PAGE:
This was part of what drew me to cycling (not very much, I admit, I was mainly after the weight loss) – the dream of actually saving money by not using the car.
Several people come to the conclusion that bicycle commutes are cost effective:
- Bikehacks has a story
About Bicycling seems to think it’s great
- The Guardian thinks a bike is cheaper
and there is even a Cycle to Work calculator
The only critical voice I’ve found so far is The Simple Dollar, which says you might save a bit of money, but you’ll be generally more fit.
I’m with that fit thing, but I think the saving money part is wrong. Disclaimer: In my case, at least, and I’ll point out why.
Let’s start with the basics:
- Distance travelled 14km one way.
- Time spent on the bike: 36 minutes one way (this is averaged from 32 in the morning and 40 in the evening).
- Time spent in the car: 40 minutes one way (this is also averaged from 30 in the morning and 45 to 60 in the evening).
- Amount of money my employer would pay per kilometer traveled if I were using it for a business trip: 0,3€/km. This easily covers petrol, but is also allegedly enough to pay for my oil, services, tyre wear etc. etc.
A trip in the car will take 80 minutes per day and cost 8,40€.
A trip on the bike doesn’t cost anything and take 72 minutes.
At 230 workdays this would mean I save 1932€ a year and 1840 minutes (30 hours, 40 minutes).
My car is payed for and sits in my garage even if I don’t use it. I still do the oil-change and put snow tyres on in the winter. I still use it occasionally (when getting the big load of shopping or when taking the little one to his swimming classes at -10°C to make sure his hair doesn’t freeze into a spiky hedgehog shape).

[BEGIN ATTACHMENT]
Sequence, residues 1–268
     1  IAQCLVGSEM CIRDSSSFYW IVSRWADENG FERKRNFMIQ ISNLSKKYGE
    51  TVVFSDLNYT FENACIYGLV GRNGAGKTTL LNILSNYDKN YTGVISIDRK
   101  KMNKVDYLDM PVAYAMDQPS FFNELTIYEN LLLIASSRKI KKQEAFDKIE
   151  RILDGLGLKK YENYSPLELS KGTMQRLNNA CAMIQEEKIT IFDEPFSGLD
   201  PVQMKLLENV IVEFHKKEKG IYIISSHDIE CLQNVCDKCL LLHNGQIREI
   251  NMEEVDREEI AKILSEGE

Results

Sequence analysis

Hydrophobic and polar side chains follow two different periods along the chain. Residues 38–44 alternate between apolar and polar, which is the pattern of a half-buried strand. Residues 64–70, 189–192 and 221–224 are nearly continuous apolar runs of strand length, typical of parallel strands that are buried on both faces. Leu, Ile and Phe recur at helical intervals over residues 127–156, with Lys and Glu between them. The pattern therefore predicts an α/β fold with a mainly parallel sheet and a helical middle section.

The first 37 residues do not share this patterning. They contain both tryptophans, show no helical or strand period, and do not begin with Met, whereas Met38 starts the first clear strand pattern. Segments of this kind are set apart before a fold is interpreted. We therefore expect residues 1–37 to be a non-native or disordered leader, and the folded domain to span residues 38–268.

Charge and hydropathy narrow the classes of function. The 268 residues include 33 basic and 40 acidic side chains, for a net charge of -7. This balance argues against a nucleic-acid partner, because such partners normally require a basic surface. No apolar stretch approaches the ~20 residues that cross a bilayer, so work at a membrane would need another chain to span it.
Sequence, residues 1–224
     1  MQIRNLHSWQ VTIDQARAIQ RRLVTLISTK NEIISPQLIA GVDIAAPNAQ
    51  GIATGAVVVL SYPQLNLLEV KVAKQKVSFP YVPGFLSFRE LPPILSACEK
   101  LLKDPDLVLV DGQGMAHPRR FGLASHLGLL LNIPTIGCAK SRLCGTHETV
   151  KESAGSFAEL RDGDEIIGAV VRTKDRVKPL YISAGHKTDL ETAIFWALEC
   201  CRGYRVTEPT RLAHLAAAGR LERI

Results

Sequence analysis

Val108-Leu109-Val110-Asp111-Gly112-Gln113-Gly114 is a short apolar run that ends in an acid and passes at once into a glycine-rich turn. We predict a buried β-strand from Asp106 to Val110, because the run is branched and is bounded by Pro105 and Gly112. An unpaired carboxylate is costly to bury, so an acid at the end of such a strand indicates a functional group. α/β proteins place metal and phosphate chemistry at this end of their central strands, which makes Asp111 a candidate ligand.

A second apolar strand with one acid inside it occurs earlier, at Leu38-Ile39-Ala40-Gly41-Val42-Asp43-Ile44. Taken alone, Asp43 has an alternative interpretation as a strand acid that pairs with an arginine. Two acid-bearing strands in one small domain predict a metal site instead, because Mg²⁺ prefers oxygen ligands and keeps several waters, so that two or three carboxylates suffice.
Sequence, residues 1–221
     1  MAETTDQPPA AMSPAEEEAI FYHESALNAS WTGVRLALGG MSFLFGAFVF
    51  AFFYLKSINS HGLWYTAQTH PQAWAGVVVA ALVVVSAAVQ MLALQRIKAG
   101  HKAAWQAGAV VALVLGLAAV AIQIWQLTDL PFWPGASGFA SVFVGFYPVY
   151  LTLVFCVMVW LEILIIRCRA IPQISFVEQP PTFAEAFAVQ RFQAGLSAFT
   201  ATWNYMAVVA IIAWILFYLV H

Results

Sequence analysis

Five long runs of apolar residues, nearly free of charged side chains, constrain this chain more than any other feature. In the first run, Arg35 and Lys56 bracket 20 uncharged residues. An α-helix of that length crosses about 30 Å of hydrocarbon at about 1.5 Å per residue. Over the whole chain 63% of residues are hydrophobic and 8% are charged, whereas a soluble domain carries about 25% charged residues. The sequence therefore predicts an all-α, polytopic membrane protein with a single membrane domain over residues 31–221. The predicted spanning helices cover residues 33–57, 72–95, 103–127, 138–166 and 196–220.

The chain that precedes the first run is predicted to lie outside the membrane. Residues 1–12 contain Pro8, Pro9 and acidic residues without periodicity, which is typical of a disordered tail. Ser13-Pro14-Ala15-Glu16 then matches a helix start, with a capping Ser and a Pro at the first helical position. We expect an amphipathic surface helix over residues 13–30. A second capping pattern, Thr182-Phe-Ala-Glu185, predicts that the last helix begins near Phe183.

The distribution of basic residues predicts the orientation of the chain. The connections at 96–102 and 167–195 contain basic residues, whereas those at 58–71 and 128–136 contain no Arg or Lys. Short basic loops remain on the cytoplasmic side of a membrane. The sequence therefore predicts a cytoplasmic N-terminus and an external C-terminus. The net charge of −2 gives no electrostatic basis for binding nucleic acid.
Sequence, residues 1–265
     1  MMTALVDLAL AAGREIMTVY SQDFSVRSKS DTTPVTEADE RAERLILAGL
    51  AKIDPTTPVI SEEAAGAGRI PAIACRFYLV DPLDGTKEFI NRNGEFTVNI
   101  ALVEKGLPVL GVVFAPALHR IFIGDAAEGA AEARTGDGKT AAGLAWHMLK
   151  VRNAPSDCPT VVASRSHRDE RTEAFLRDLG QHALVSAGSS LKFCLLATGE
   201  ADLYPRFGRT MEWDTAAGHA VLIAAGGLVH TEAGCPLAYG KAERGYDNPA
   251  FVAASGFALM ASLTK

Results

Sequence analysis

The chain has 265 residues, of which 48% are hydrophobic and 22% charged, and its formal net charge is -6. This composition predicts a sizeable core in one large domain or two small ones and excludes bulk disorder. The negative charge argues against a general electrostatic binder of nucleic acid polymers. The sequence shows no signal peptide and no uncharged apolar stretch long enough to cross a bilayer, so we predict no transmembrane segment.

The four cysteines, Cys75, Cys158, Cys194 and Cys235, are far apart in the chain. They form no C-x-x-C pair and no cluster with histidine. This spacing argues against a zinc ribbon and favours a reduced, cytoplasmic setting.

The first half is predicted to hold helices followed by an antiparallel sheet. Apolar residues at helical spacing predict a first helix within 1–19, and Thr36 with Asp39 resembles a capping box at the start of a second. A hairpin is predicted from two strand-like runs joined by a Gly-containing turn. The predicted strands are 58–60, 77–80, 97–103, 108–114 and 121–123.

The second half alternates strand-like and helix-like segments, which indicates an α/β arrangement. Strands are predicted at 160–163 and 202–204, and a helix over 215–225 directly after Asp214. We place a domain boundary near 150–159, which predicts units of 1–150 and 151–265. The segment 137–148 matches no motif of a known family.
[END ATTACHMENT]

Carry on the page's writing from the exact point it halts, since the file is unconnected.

My bike is also payed for, yet the model I currently use does not have the robustness and reliability I would wish for. Partially, this is self-inflicted. When I bought the bike I was expecting around 300km/year and the people selling it me chose well for that amount (which incidently is the German average use per year – I heard, so no quote).
I have spent quite a lot of money on new tubes, two new tyres (Schwalbe Marathon), two new snow tyres (Continental Nordic Spike 240), new brake shoes, two sets of panniers (one bad, one good), gloves, cycling shorts, long cycling pants, wicking shirts, a jersey, a softshell jacket, and shoes.
I’ve also had to visit my bike
dealer shop about every 1000km (roughly every two months), as my shifter was not “doing what it was supposed to do” (this is the short version – and I’m not technically minded enough to figure out everything that went wrong). This is likely in part caused by the relatively cheap components, my excess amount of fat and a rather steep hill near the end of my morning trip. I’ll be headed out there again today, as my rear wheel is no longer true.
I’d say my total amount spent every month was about 100€ – possibly more in some months. This comes out approximately equivalent to the petrol cost per month. And the rest of the cost of the car I’ll be paying anyway.
Added problem: I now eat more. My breakfast has increased from a cup of coffee and a muffin to a cup of coffee and a bowl of cereal. This drives cost up. The same is true for afternoon break: cup of coffee turned into a cup of coffee, a sandwich and some fruit. In total, the cost of food has gone up.
I’ve still failed (completely) to do a proper calculation of the _real_ cost of cycling. However, the fitness and weight goals are coming along nicely.
As of today, I lost 13.5 kg (from 102kg to 88.5kg over seven months) – only 8 or so kilos to go (roughly 56.000 kcal – or 56Mcal – or twice Paris-Brest-Paris with some snacks).